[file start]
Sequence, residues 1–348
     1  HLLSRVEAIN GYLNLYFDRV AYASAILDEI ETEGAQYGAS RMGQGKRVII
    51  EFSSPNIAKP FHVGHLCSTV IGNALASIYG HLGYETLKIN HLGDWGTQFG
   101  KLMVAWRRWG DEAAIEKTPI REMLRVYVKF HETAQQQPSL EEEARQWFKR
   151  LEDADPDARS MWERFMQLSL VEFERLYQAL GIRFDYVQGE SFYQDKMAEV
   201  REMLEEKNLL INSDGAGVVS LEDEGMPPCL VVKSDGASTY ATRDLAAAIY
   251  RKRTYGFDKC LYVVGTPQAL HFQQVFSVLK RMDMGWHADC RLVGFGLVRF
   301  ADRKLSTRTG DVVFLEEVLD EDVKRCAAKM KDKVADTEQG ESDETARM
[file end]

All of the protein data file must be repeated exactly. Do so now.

Sequence, residues 1–348
     1  HLLSRVEAIN GYLNLYFDRV AYASAILDEI ETEGAQYGAS RMGQGKRVII
    51  EFSSPNIAKP FHVGHLCSTV IGNALASIYG HLGYETLKIN HLGDWGTQFG
   101  KLMVAWRRWG DEAAIEKTPI REMLRVYVKF HETAQQQPSL EEEARQWFKR
   151  LEDADPDARS MWERFMQLSL VEFERLYQAL GIRFDYVQGE SFYQDKMAEV
   201  REMLEEKNLL INSDGAGVVS LEDEGMPPCL VVKSDGASTY ATRDLAAAIY
   251  RKRTYGFDKC LYVVGTPQAL HFQQVFSVLK RMDMGWHADC RLVGFGLVRF
   301  ADRKLSTRTG DVVFLEEVLD EDVKRCAAKM KDKVADTEQG ESDETARM